GOVERNMENT PROPOSES MAJOR LABOUR LAW CHANGES FOR EASE OF COMPLIANCE

PROPOSED MAJOR LABOUR LAW CHANGES FOR EASE OF COMPLIANCE

The Code on Occupational Safety, Health and Working Conditions, 2019 (“OSHW”), introduced by the Ministry of Labour and Employment introduces provisions allowing companies to have a single registration, which will be coupled with a single licence, along with a single return, for executing projects for five years involving contract workers, across the country.

An establishment will require a single registration instead of around 10 required to be done for all labour laws, a move that may help India bolster its “ease of doing business” ranking. Significantly, the Code on OSHW will cover all establishments hiring at least 10 workers, including those in services sector, thereby bringing the information technology sector within its ambit.

Employers will have to create a security deposit with the government at the time of obtaining such licence and specify the number of contract workers it might require. In case an employer wants to hire more contract workers, it will have to go back to the government to renew the licence and make an additional deposit.

In a further bid to improve ease of doing business, the Centre has proposed assigning “inspector-cum-facilitators” outside their jurisdiction “through randomised computer system”.

The provision of one licence and one return in place of multiple licences and returns in existing 13 labour laws subsumed in this Code is intended to save time, resources and efforts of businesses.

Issue of Shares with Differential Voting Rights

What is Differential Voting Rights?

Shares with Differential Voting Rights (DVRs) means shares that give the holder differential rights as to voting (either more or less voting right) as against the Ordinary shareholders of the company.

Types of DVR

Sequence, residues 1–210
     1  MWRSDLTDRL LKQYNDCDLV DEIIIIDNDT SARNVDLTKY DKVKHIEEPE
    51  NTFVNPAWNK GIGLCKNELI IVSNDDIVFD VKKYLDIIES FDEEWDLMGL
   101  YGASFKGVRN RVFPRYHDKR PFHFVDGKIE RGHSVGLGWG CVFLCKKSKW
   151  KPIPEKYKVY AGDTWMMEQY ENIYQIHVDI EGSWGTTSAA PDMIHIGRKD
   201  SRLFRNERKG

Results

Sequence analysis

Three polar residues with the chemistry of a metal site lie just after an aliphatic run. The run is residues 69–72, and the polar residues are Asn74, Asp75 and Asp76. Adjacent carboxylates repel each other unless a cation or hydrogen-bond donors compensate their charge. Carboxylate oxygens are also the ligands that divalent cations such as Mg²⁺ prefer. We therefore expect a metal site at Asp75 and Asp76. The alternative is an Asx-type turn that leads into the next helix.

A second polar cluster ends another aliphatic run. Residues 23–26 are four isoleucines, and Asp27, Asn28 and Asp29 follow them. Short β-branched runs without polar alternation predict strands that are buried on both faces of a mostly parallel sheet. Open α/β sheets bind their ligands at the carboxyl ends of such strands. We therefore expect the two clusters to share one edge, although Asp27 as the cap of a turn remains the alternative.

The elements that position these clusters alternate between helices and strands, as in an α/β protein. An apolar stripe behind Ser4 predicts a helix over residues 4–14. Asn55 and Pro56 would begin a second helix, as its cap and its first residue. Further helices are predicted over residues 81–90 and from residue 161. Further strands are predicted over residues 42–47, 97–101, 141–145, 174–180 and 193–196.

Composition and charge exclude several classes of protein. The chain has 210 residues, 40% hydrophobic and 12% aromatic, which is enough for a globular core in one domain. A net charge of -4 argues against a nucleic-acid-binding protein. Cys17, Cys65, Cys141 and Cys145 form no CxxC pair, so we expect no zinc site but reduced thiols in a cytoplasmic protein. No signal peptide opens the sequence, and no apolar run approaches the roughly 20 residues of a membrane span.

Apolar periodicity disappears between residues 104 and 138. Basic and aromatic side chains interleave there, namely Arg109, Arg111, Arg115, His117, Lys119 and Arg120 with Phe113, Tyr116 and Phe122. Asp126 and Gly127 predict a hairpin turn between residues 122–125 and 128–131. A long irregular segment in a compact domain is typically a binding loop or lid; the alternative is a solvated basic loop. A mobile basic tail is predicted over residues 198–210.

• Shares that have superior voting rights
  • Shares that have inferior voting rights

Eligibility/Condition for issue of shares with DVR*

  • AOA of the Company should authorize issue of DVR;
  • Consistent track record of distributable profits for the last three years;
  • No default in filing annual return for last 3 Financial Years;
  • No default in payment of declared dividend or repayment of deposit or loan borrowed;
  • the shares with differential rights shall not exceed twenty-six percent of the total post-issue paid up equity share capital;
  • No penalty by court or tribunal for any offense for the last 3 Financial Years; and
  • The shares issued with DVR cannot be changed later.

*This provisions shall not apply to private companies in case MOA and AOA of the company provide otherwise.

Procedure for issue of shares with differential voting rights

  • Check AOA of the Company;
  • Obtain valuation certificate from registered valuer;
  • Open a separate bank account;
  • The terms of issue of shares should be finalized;
  • Conduct board meeting for issue of shares with DVR;
  • In case issue of DVR affects the rights of existing class of shares then obtain consent from 3/4th of the shareholders of that class;
  • Filing form MGT-14 with ROC within 30 days of EGM;
  • Circulate offer letter along with the share application form to the investors;
  • Receive share application money along with the application form ;
  • Conduct board meeting for allotment of shares;
  • File form PAS-3 within 15 days of allotment of shares;
  • Pay stamp duty and issue share certificates; and
  • Make entry in register of members.

Difference between DVR shares and Ordinary Shares

DVR shares
  • Provide few or higher voting right to shareholders.
  • Rate of dividend is low or higher.
  • DVR shares are ideal for small shareholders or promoters.
  • Issued at a discount in comparison with ordinary shares.
Ordinary Shares
  • One share One Vote.
  • Rate of dividend is fixed for class of shareholders.
  • Ideal for large shareholders.
  • Issue at FMV.

Advantages of Issuing shares with DVR

From Issuer Perspective
  • To raise more capital without diluting its ownership structure.
  • Get control in decision making process.
  • A tool to avoid hostile take over.
  • To fund large Project.
From Investor Perspective
  • Benefit to investors since share are issued at discount & also for incremental dividend.
  • Better for investors who are looking for good quick return rather than voting rights.
  • Institutional Investors can invest in private companies without any limit and making it a subsidiary.

Dis-advantages of DVR

From companies Perspective
  • Lack of investor awareness about such issue of shares.
  • Issue shares at discount.
  • Minority shareholders can lose faith in the Company.
From investor Perspective
  • Lack of investor awareness about such issue of shares.